Melanoma treatment to be PBS-listed


melanoma: dermatologist examines mole on woman's shoulder

MSD has welcomed the Federal Government’s announcement that patients with the most deadly form of skin cancer – advanced melanoma – will be able to access the company’s anti-PD1 immunotherapy (pembrolizumab) on the PBS.

Keytruda is a prescription-only medicine suitable for adult patients with unresectable or metastatic melanoma.

News that Keytruda will be listed on the PBS from 1 September 2015 follows the registration of the medicine in April by Australia’s national medicines regulator and a positive recommendation from the expert advisory committee on pharmaceutical reimbursement in March 2015.

Dr Susanne Fiedler, MSD managing director, commended the Government for listing KEYTRUDA on the PBS.

“The Prime Minister’s announcement that KEYTRUDA will be made widely available for Australians with advanced melanoma will be welcomed by many patients fighting this disease and their families,” she says.

“However, we are concerned that Government will take over five months to list this medicine after it was given the green light by the TGA and PBAC in March.

“MSD commends the TGA and the PBAC for the rapid recommendations that both agencies provided in reviewing Keytruda. The TGA approved Keytruda three months faster than the standard process.”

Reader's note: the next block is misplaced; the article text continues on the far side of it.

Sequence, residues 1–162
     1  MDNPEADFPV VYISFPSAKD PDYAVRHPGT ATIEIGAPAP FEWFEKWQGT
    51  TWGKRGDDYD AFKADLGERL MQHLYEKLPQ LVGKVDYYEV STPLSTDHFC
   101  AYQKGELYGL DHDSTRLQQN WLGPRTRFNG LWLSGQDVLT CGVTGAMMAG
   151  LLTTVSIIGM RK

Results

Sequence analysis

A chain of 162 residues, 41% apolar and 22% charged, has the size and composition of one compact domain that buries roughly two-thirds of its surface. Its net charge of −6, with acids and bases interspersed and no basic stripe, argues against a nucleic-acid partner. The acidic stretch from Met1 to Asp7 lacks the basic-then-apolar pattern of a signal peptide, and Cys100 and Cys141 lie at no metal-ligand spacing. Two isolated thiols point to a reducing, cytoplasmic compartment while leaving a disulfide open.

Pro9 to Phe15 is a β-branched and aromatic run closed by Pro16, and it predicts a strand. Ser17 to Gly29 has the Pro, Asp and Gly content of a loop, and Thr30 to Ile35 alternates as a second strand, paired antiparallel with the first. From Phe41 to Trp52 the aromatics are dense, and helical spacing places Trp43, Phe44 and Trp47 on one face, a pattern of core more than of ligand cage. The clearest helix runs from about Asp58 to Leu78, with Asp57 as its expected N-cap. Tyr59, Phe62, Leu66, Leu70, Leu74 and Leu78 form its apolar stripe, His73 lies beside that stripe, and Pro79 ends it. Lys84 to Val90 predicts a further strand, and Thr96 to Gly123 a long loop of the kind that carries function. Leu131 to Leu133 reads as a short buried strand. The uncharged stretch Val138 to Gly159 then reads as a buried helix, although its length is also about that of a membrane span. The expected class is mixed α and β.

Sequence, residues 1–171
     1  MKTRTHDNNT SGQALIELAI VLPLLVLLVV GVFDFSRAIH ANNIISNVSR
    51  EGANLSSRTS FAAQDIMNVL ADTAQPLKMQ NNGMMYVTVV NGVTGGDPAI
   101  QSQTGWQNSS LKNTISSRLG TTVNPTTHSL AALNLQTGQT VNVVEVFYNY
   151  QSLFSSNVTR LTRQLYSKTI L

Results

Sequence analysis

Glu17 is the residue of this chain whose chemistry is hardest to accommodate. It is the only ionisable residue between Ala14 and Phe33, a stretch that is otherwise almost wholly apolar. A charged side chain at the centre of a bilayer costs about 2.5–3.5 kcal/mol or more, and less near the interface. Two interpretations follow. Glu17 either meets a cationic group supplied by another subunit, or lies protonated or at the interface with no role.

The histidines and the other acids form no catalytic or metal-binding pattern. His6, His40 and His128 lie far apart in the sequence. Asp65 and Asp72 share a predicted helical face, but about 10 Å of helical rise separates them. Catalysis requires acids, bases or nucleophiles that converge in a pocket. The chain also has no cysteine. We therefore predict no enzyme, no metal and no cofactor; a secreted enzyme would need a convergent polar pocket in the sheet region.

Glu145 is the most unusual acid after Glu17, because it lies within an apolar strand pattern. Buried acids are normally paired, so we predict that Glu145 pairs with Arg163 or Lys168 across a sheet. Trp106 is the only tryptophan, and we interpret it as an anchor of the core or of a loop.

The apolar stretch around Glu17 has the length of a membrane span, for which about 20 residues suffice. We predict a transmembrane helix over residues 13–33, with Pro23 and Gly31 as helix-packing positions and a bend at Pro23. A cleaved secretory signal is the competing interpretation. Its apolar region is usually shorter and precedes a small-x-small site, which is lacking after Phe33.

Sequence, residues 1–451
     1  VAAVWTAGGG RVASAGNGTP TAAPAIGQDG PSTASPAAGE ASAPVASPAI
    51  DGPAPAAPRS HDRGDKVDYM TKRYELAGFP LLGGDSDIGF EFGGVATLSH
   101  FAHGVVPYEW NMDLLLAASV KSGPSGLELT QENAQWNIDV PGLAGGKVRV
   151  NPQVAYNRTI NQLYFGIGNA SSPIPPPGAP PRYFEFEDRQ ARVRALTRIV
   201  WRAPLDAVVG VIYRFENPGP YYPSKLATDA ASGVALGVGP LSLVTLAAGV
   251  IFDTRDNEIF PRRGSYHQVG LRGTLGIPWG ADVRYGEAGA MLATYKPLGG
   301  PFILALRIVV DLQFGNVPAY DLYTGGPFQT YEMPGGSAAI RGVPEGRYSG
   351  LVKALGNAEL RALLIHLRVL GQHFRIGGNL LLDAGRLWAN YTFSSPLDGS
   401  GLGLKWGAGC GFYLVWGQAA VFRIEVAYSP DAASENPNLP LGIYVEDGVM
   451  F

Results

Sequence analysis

Likewise, the PBAC recommended Keytruda on its first review whereas new cancer medicines often take two reviews for approval – adding eight months to the process, she says.

“Given this, we are disappointed that it has taken more than five months for the listing to occur. MSD was ready to supply Keytruda for listing on the PBS on 1 May.

“Advanced melanoma causes around 100 deaths every month in Australia, this is why we hope that the Minister reconsiders this decision and lists Keytruda by 1 August,” says Dr Fiedler.

She thanked the research institutes, clinicians and patients who participated in clinical trials in Australia which has led to the availability of KEYTRUDA.

Previous Newly-identified enzyme key player in diabetes
Next MERS: thanks to international travel, Australia's not immune

NOTICE: It can sometimes take awhile for comment submissions to go through, please be patient.